Planning for the Surviving Spouse
By Bryan Montana
By Bryan Montana
So much of estate planning and Elder Law revolves around uncertainty. Nobody knows how long they will live. Will they end up in a nursing home? Will the federal estate tax change? Will Ohio bring back the estate tax? While we may not know the answers, we all know for certain that one day we will leave this earth. If you’re married, that means one of you will likely survive the other. A properly constructed estate plan considers the needs of the surviving spouse and adapts throughout a person’s lifetime.
Asset & Account Restructuring
Upon the death of the first spouse, a number of things must be done after the funeral. Real estate needs to be retitled, as do bank accounts, vehicles, IRAs, 401(k)s and other investments. A proper estate plan accounts for these issues before the first spouse passes away. Doing so makes it easy and cost-effective for the surviving spouse.
Retitling is not the only financial task that needs to be completed. Life insurance, retirement accounts, vehicles and bank accounts often have beneficiary designations which must be updated.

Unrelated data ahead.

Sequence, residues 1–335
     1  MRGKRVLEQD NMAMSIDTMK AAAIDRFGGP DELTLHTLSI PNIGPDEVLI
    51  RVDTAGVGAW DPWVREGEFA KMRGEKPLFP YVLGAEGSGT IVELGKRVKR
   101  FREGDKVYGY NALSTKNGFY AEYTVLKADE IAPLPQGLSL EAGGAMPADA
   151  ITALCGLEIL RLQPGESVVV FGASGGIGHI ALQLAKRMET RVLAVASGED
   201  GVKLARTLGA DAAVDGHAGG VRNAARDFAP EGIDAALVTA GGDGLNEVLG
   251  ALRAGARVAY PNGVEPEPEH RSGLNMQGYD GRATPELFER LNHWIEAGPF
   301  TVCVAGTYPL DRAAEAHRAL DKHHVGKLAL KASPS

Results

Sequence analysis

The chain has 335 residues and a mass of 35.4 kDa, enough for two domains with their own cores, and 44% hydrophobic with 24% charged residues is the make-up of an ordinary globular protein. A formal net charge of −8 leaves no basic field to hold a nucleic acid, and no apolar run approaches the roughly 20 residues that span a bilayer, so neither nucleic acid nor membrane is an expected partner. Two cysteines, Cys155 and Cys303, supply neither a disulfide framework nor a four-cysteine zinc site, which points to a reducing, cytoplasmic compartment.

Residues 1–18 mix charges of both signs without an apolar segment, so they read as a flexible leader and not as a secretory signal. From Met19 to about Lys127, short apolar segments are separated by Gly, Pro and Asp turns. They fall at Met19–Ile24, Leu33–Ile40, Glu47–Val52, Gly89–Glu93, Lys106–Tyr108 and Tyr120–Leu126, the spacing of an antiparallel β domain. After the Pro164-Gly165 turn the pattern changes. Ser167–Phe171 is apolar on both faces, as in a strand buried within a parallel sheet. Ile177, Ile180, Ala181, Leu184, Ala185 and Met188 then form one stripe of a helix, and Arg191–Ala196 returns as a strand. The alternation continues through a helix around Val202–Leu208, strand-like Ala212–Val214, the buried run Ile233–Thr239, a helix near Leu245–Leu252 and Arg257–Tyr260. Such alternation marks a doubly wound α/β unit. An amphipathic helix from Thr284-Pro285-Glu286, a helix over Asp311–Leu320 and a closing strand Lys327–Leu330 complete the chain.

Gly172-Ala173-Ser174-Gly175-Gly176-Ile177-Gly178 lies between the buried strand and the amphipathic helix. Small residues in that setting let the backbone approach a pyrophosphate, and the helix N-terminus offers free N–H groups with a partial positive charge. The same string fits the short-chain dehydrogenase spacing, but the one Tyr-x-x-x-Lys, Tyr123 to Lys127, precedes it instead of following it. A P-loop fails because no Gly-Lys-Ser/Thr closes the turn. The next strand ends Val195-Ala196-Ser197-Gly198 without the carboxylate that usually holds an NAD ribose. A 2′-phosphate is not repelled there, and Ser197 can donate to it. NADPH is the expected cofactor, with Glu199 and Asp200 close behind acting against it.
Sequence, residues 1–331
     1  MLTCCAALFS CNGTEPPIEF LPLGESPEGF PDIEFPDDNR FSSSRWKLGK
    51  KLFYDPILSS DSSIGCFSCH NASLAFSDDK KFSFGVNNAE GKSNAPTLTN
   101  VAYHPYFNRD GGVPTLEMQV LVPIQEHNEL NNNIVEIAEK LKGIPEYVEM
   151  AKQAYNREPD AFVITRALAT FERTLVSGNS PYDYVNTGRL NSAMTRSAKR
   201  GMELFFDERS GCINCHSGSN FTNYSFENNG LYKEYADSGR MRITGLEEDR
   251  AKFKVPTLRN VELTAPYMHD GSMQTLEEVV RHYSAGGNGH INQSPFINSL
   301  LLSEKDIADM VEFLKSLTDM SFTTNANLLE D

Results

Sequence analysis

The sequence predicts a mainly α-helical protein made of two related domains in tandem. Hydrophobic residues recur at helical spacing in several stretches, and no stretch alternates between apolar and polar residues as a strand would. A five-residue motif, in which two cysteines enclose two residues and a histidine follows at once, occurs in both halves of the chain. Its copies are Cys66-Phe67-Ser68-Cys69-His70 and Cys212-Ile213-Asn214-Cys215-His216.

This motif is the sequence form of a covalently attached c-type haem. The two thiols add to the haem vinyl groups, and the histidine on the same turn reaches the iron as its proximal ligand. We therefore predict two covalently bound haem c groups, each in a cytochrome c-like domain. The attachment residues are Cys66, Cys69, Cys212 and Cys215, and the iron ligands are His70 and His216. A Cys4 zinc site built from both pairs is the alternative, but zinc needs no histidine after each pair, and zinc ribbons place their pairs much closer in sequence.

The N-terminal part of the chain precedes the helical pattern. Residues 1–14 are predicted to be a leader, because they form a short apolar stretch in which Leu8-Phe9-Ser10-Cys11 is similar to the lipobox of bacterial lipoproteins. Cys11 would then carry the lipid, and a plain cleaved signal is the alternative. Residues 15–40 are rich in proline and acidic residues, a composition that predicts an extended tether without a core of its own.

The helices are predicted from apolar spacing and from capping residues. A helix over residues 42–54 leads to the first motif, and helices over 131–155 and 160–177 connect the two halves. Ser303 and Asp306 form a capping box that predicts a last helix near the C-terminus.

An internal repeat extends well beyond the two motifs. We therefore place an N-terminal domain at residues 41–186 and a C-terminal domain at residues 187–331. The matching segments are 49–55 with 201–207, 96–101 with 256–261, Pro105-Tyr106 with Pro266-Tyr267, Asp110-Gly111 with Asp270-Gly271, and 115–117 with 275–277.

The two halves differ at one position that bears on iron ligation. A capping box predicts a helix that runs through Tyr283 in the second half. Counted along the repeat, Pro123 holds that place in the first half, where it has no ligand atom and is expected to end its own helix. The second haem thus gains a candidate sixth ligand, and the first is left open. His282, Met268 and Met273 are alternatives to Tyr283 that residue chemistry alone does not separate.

Needs of the Surviving Spouse
So you understand that assets and accounts need to be restructured. But what about making ends meet? The surviving spouse often faces a reduction in income. If both spouses were drawing social security, the surviving spouse typically now only receives the larger of the two benefits. If the deceased spouse received a pension, the options elected at his or her retirement may significantly affect the surviving spouse’s income.
As life changes so must your Estate Plan
As you age your estate plan needs to change. The wills you signed when you had young children no longer accomplish the goals you have in retirement and beyond. Families change, laws change, and your estate plan needs to keep pace. The death of the first spouse is a significant occurrence. Often new wills or trusts are necessary.
Additionally, the deceased spouse can no longer act as your power of attorney or executor. It may be time to update those documents to name someone different to handle those important duties. Reviewing the beneficiaries in your will, trust or other accounts to make sure they’re still in line with their wishes should be completed as well. It’s also important to note that planning options may be available to the surviving spouse that were not available when he or she was married.
To learn more about what you can do to make sure your surviving spouse is taken care of after you are gone, contact an AlerStallings attorney to arrange for a complementary phone consultation. A small amount of planning now can save you and your family a large amount of time, money and headache later.